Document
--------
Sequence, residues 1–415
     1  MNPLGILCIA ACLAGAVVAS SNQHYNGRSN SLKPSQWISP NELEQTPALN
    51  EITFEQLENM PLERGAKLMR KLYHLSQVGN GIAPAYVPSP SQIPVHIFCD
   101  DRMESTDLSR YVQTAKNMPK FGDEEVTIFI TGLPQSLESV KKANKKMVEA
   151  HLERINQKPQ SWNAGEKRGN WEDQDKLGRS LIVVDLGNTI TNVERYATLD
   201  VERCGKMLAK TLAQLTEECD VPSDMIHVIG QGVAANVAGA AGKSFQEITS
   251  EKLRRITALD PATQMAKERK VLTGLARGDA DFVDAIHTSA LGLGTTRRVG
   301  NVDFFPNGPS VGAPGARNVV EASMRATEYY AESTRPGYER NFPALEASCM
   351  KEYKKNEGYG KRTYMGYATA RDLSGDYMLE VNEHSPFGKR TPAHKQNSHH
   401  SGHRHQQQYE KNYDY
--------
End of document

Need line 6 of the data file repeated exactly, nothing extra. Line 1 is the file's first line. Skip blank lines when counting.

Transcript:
   201  VERCGKMLAK TLAQLTEECD VPSDMIHVIG QGVAANVAGA AGKSFQEITS